Secrets from Mexico

Way back in the Autumn, as the leaves fell (or were untimely ripp’d from their trees) there was rather a lull in the production of blog posts.  During this hiatus, we here in Southampton enjoyed Mexico Week!  (Please insert your own andales and arribas, as you see fit and your conscience allows.)

I think Mexico week may well have been more widely observed across these Isles and certainly 2015 was a big year for Anglo-Mexican cooperation: no I hadn’t notice either, but apparently it was.

I made it to two main events during the week – which was focused around El Día de los Muertos – both of which yielded unexpected secrets (OK, spoiler alert: one of the secrets was not that unexpected)Winding backwards through time, the second event was a concert of Mexican-composed guitar music given by Morgan Szymanski: with added artworks inspired by each piece.  This was an excellent concert and the CD purchased therefrom is now my preferred choice of lullaby music, when played at low volume as I attempt to breach the high walls Morpheus has placed around his citadel.

Prior to the gig, there was a free workshop in danzón, which whilst Cuban in origin is actively pursued in Mexico.  There was also a chance to attempt some mambo.  The event was graced by a very good live band, comprised (I think) of students from the university.   It was at this workshop, and despite the best efforts of the teachers and my fellow learner dancers (several of whom were from Latin America and all of whom risked physical injury), that the final nails were hammered into the coffin of my hopes to be a dancer.  I have no natural rhythm, I can merely count and then mechanically attempt to reproduce the four, very simple steps involved in danzón.  I’m pretty sure that the Japanese have built robots that could out-dance me – and look more human while doing so.  On the plus side, the dread level of concentration required to produce even this dismal performance left my a sweaty and exhausted wreck: so this my offer an alternative method to encourage sleep.  Not for me the counting of sheep, but the imaginary attempt to reproduce a simple dance.

I pin my remaining (undead) hopes on freer forms of dance: I’m rather tempted by break-dance at the moment.  I think my gymnastic skills could be used to conceal (or at least, distract from) issues in other departments.

The first event was a lecture on Art and Power in Mexico by Dr Jago Cooper: who in addition to his sterling work on BBC4 documentaries is also in charge of the Americas at the British Museum.  Whilst his talk on Mexico was very interesting, the highlights (and secrets) came from the insight into how BBC4 documentaries come to be.  We learned that on BBC4 the academics are allowed to use more and longer words than when aiming at the thickies who watch BBC2 and are even permitted the use of subtitled interviews!  Even so, the word count is surprisingly low: at about the level of an undergraduate essay.  The History department is also rather restrictive on the subjects about which documentaries can be made: apparently, no-one is interested in the Americas (please don’t tell the Yanks or the special relationship will become an even more ironic appellation than is already the case).  If you want to make history documentaries, you better pray your subject area is on the National Curriculum!  (This make explain the TV obsession with the Tudors and National Socialism).  As a result, all of Jago’s work has fallen under the purview of the Art department.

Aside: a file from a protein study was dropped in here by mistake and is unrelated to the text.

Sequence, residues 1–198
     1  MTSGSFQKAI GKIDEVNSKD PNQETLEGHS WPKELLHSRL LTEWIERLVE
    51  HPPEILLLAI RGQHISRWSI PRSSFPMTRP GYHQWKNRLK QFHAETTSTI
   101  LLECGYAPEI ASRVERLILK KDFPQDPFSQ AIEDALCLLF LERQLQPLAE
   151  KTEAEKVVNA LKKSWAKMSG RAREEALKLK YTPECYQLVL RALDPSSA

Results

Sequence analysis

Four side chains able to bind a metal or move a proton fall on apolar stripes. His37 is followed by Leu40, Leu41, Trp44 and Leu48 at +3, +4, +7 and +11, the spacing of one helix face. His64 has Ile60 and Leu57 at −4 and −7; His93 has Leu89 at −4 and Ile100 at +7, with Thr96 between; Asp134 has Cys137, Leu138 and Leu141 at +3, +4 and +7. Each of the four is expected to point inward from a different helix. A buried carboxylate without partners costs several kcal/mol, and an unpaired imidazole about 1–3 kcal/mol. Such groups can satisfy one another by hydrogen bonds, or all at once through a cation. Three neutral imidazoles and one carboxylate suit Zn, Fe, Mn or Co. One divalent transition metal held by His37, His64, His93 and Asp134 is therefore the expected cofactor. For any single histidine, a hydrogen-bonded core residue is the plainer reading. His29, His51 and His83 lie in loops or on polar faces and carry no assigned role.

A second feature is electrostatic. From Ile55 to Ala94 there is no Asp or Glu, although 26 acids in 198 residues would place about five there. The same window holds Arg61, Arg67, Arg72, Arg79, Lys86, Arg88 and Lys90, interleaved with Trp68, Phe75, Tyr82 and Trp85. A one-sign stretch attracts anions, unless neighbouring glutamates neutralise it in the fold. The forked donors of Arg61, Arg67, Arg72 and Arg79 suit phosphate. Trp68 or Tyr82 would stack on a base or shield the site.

I was reminded of this fact when watching the closing credits for one of the episodes of Simon Sebag Montefiore’s excellent recent BBC4 series on Spain (yes, it did include long words and subtitles).  These revealed that the series was made by the Religious Affairs department: though I suppose he may of had a few pence out of the History department as he did mention the Armada.  This has now become a new project for me: try and guess which unexpected BBC department has been convinced to make any History series I’ve been watching.

My belief that BBC2 history shows will have been seriously dumbed down to avoid alienating its apparently brain-dead audience might explain a degree of inattention when I was (nominally) watching Joann Fletcher’s new series on Immortal Egypt.  Nevertheless, I am convinced that she stated, quite categorically, that Hathor was (among other responsibilities) the goddess of Lovejoy (and I can assure you that I have no trouble at all with the Barnsley accent).  I assume that Hathor’s TV-based brief runs wider than just Lovejoy: but does she extend to other antiques-based programming or lovable wide boys from eighties TV comedy-drama.  I.e., does she offered divine protection to Bargain Hunt or Minder?  Could Hathor have been the never seen, but always feared, ‘Er Indoors?

Now, how many of you can honestly say that you saw that conclusion coming?

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